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Eddie Mueller, Noir Host


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Apropos of this topic you forgot the twenty mules of Borax fame and also the ones that Ann Sothern wore in The Blue Gardenia when she went to bed in her clothes after her date with Ray. Too bad she left her black pumps at his place. Also Muhlenberg County is a nice place to visit for anyone into noir.

 

Wasn't it Anne Baxter who left her shoes at Raymond Burr's place?  Yeah, Ann Sothern was in the film, but she was just the understanding room mate /pal to Baxter's singular misery.   (not sure if that pun worked....)        

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To les madames, Cavegirl and Wonderly, your French is swell and maybe you ladies should cohost the next TCM noirfest? Having reread the original post by Cavegirl on this topic I must admit after reflection that I have to agree concerning the host being sub-par. By all accounts it would seem that American opportunism has perpetuated a group of noir advocates who have co-opted the original concept of Black Film as coined by French cinema historians, and are purveying many films in a self-serving way to perhaps make a buck on their outside agendas with little discernible background knowledge of film as a whole, or French film criticism either. Being a proper host to me would require more than a perfunctory rehashing of film plotlines, and anecdotal stories which could be found online. I think the true historian has a love of the genre without using it to promote one’s own work or subsidiary ventures that would give them a cut from other avenues. Sadly I see this too much in many of what passes for film noir online sites or authors of books which seem only to reflect knowledge in a tiny niche of dark film. Being that French critics used the term roman noir to describe British Gothic novels and later retagged earlier German films retroactively as noir prototypes according to their new rationale it seems the new breed does not fully understand the roots of black film in French or European poetic realism, or romantic fatalism of the archetype inspired by black drama of the style of Byronic reason, in which he inculcated the desire to feel the sensation of being alive even in pain. Perhaps this Summer of Darkness series was aimed at only the newbie to film but still one wonders why references to the works of Carne and Prevert with Gabin, or even literary antecedents like Hans Heinz Ewers who contributed the iconography of the femme fatale to the world were so absent. All in all, I think next time a host who is more-well versed in film as a whole and world cinema, who could put the black film into context instead of placing almost any crime drama shot at night as an example, would be preferable. To all those who were pleased with the hosting duties performed, I apologize but I did hope for a more scholarly host with more chutzpah on-screen. Too bad Jeanne Moreau was not available.

 

GordonCole:

First, as we say around here to newbies, welcome to the boards. Hope you stick around.

 

Second, I appreciate the way you write. I'd appreciate it even more if you broke up your text with paragraphs, or double spaced now and then, or something. Honestly, I'm not being snarky...but my attention is more engaged when I can read a post without staring at it really hard for several minutes.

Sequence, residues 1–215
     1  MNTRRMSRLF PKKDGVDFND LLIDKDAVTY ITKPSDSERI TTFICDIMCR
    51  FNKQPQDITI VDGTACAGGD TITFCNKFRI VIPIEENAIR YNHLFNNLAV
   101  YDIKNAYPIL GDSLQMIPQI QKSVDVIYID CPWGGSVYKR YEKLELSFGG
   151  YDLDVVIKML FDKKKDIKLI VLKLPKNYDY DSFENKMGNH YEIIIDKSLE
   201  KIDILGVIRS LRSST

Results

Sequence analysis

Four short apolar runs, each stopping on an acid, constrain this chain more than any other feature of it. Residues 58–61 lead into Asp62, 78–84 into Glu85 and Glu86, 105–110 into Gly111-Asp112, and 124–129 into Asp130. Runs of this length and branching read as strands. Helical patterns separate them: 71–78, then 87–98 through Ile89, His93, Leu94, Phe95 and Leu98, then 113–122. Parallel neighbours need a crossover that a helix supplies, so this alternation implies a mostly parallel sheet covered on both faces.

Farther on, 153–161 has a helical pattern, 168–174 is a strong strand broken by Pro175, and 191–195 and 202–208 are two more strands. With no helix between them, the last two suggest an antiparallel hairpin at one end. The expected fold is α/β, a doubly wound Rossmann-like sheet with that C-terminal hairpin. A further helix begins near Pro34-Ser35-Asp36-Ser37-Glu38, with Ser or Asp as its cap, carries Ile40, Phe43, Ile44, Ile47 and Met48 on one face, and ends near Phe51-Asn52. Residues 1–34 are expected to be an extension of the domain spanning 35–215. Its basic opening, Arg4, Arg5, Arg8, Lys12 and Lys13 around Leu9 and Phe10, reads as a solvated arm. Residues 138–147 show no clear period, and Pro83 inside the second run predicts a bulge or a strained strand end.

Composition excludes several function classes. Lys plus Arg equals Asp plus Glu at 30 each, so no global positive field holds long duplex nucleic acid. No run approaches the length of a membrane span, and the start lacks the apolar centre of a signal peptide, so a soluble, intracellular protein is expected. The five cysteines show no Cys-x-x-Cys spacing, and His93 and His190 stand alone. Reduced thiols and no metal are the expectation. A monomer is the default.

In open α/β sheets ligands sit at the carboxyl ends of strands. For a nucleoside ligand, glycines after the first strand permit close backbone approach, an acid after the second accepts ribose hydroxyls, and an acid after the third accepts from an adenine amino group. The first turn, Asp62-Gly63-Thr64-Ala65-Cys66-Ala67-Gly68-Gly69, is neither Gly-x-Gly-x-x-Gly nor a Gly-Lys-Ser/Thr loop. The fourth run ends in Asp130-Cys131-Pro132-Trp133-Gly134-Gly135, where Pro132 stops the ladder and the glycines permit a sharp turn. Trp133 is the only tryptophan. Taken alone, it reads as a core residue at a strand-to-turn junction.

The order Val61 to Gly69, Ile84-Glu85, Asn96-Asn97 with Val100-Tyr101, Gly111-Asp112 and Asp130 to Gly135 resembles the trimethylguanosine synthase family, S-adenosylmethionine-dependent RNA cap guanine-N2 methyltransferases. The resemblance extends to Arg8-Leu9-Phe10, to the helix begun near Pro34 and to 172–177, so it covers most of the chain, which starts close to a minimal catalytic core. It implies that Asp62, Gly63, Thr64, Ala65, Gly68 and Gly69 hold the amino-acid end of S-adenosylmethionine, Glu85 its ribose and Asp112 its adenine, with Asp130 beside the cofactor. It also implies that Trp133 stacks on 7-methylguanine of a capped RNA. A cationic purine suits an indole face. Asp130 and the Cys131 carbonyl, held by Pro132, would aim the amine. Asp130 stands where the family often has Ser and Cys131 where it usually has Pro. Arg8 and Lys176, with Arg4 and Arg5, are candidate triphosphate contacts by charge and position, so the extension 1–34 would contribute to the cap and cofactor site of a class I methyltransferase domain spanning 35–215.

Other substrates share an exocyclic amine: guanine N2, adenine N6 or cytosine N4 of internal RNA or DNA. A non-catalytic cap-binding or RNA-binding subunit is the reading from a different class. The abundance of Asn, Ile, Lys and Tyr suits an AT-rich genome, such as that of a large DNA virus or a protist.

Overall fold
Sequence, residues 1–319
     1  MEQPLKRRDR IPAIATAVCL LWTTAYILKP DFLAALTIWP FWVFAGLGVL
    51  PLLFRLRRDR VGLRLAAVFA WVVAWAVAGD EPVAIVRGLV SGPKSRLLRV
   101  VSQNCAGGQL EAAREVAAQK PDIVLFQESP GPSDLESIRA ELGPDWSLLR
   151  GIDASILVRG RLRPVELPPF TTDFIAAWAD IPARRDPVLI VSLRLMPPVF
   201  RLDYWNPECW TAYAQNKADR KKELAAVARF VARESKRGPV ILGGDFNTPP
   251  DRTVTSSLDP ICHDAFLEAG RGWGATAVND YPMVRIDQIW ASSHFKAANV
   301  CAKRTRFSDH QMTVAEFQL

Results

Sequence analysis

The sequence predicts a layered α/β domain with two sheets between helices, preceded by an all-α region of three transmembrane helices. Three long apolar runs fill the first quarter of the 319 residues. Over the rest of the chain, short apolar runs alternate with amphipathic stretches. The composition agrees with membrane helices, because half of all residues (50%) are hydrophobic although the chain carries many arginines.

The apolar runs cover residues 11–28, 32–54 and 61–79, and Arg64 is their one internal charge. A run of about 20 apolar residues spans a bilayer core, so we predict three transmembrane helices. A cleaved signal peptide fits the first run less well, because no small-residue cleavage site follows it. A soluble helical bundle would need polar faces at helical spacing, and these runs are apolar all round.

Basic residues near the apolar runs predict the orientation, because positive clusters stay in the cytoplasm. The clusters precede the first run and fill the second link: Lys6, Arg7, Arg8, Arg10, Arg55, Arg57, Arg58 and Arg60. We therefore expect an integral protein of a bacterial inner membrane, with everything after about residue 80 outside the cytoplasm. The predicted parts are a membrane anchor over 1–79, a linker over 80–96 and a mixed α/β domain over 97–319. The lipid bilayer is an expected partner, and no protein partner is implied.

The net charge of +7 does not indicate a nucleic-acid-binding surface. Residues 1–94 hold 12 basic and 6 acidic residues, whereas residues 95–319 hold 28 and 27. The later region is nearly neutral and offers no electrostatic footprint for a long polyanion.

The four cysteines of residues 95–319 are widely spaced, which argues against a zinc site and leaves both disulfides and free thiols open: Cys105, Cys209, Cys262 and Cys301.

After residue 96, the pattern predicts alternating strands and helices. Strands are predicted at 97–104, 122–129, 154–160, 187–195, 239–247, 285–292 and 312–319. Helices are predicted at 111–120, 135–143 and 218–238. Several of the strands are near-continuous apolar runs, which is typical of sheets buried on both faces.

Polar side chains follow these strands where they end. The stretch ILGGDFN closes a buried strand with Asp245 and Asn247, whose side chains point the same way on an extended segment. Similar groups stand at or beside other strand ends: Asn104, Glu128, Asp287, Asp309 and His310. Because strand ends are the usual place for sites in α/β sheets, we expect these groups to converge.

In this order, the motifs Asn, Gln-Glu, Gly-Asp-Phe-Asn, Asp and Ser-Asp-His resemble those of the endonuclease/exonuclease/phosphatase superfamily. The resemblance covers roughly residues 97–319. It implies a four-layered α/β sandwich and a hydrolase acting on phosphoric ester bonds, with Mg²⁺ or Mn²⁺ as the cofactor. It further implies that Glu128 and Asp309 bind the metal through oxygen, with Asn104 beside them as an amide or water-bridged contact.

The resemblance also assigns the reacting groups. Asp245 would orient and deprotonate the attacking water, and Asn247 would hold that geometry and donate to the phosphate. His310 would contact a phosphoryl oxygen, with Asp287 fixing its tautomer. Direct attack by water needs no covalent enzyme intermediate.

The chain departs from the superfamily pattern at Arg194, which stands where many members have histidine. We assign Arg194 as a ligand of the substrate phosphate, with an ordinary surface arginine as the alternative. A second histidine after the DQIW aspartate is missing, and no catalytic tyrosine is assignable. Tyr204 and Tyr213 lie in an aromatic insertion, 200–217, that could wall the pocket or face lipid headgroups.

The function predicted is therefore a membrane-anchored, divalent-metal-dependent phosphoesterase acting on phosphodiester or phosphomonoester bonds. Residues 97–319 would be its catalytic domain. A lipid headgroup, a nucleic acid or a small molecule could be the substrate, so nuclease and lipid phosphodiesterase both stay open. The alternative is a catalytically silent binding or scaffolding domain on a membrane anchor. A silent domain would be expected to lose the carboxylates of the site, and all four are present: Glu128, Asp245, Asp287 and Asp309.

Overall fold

"It's not you, it's me..."  There might be something wrong with my eyes, or my brain, or most likely both- it's an eye-brain co-ordination thing  - but it's just a chore for me to read a block of unbroken text like that. (But the words within that block are very well-written. They're just gathered too close together for me to read them easily.)

I know how obnoxious it is to be told how to write a post here, and I apologize. It's only because what you have to say is interesting, and I'd rather read it without straining that eye-brain difficulty I was mentioning.

 

Third:  I suspect that Film Noir as a genre ("no, dammit, it's not a genre, it's a style ! " ), has been discussed on these boards more than any other type of film. And that's fine with me, because I love the Dark Film.

 

A few quibbles with your post (aside from the eye-brain thing):

 

I'm sorry you think Eddie Muller is sub-par as the host of noir. I honestly do not believe that he has a hidden agenda, that he just wants to make money from (or for?) his Film Noir Foundation. Everything about Mr. Muller suggests to me a genuine and informed love for noir, and a desire to share it with others, no ulterior money-making motive involved.

 

I also think that most people who watch TCM are smart and discerning, (at least the film noir fans!)  

However,I'm not sure they (this includes me) are looking for the kind of scholarly, intensive analysis of noir that you speak of, and apparently would like to see in lieu of the perhaps more lightweight intros Eddie M. did.

While I do get the idea that there's a lot to say about this genre (no ! style !) of film, Eddie's presentations were constrained by time - he was doing a general overview of whatever film he'd be talking about, and how it fits in the classic noir canon, rather than an academic lecture on the subject.

 

Hey, film noir is fun!  Let's not get too po-faced about it.

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.... Being that French critics used the term roman noir to describe British Gothic novels and later retagged earlier German films retroactively as noir prototypes according to their new rationale it seems the new breed does not fully understand the roots of black film in French or European poetic realism, or romantic fatalism of the archetype inspired by black drama of the style of Byronic reason, in which he inculcated the desire to feel the sensation of being alive even in pain. .....